Monday, 27 December 2004

Richter 9

As I write this the death toll is already in the tens of thousands. And maybe a million homeless.

I think I will post no more until the New Year.

Sunday, 26 December 2004

The man with no name

I chose my fifty films from those I would like to see again but of course in later viewings one is sometimes disappointed. Bearing this in mind, I excluded all the great classics of the early cinema and some later films which I knew would have dated by now.

But a more recent film got in because I remembered it as being exciting. The first of two hundred spaghetti Westerns, Leone’s A Fistful of Dollars, was a remake of Kurosawa’s splendid Yojimbo.

Seeing it on TV the other day, I found it boring and silly, with the Italian cast dubbed by rotten actors speaking poorly translated dialogue. Clint Eastwood did much better things later, both as actor and director.

Anyway, out it comes, and to replace it I chose The Way Ahead, Carol Reed’s memorable wartime semi-documentary, written by Peter Ustinov and originally intended as a training film.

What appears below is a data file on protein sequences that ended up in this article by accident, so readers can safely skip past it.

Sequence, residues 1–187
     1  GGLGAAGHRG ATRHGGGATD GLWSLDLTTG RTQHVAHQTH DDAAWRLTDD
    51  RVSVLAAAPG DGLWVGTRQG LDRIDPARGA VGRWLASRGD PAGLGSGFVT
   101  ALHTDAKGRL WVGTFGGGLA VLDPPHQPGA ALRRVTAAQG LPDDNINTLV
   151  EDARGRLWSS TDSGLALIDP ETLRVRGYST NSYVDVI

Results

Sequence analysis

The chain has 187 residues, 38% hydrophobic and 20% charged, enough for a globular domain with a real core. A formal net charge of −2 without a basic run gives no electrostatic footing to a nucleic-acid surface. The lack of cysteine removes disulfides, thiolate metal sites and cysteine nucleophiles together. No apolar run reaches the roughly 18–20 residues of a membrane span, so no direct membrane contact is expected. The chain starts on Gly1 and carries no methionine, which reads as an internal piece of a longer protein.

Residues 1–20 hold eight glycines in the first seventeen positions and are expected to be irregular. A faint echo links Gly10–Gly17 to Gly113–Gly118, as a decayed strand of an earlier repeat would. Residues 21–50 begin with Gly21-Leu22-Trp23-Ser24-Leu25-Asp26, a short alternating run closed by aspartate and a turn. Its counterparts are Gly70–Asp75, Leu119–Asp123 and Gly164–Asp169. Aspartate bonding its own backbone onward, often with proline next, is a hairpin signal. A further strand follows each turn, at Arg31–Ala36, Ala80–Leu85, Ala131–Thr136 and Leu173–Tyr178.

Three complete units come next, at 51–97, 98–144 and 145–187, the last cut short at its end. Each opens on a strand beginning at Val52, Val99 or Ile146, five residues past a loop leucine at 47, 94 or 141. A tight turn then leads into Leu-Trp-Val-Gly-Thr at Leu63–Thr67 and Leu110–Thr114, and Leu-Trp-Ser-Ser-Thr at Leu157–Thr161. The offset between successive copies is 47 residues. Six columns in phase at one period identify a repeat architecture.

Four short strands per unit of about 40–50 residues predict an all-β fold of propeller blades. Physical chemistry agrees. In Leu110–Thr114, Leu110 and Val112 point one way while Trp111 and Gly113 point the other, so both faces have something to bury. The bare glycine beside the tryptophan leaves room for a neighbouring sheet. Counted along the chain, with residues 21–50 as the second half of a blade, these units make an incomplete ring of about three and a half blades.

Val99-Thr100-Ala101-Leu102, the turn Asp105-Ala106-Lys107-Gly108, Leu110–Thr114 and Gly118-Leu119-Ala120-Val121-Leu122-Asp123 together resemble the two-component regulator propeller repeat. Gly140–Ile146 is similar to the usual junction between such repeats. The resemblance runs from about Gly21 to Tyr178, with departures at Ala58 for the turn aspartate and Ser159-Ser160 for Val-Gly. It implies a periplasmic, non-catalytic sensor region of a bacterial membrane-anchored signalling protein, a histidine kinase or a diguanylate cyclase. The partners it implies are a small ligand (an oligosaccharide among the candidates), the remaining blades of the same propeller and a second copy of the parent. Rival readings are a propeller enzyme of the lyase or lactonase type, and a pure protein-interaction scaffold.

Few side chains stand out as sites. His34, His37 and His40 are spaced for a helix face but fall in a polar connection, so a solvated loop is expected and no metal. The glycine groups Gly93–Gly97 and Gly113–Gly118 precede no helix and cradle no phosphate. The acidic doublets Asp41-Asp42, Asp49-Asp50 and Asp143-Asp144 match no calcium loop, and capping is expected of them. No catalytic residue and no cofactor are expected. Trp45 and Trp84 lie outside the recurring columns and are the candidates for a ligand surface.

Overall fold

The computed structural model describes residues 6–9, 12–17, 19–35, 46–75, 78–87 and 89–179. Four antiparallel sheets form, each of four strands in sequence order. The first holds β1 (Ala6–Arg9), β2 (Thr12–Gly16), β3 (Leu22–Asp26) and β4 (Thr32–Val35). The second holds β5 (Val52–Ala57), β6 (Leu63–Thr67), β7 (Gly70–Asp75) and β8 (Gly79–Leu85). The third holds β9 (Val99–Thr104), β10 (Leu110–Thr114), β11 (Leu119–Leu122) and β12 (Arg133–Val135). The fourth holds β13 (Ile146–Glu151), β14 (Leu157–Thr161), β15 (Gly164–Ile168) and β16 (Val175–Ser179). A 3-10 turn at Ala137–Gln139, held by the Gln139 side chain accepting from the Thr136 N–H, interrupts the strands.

[By the way, the character played by Eastwood in AFOD is actually referred to as Joe, and by different names in later films]

Friday, 24 December 2004

A Gladsome Yuletide to One and All

“It's always seemed to me, after all, that Christmas, with its spirit of giving, offers us all a wonderful opportunity each year to reflect on what we all most sincerely and deeply believe in - I refer, of course, to money.”
Tom Lehrer

Kill the turkeys, ducks and chickens,
Mix the punch, drag out the Dickens.
Even though the prospect sickens,
Brother, here we go again.

But, all the same, here's a wish:
A prayer when dry: Tipsy as a charm. Amen.

Wednesday, 22 December 2004

But it was the way they said it…

Everyone knows a few of the classic lines from films – “Frankly, my dear…”, “Infamy! Infamy!..”, “Fasten your seatbelts…”, and most of the things Groucho said. There are certain rich veins: things said to Bogart (as well as by him), Alastair Sim's horrified yelps (e.g. "..and boys! Remember Nicky, the nark!") and, curiously, Brief Encounter which, besides the one below, has "Can I help? I'm a doctor" and the husband's remark as Celia Johnson comes out of her reverie: "I don't know where you've been, my dear, but thank you for coming back to me".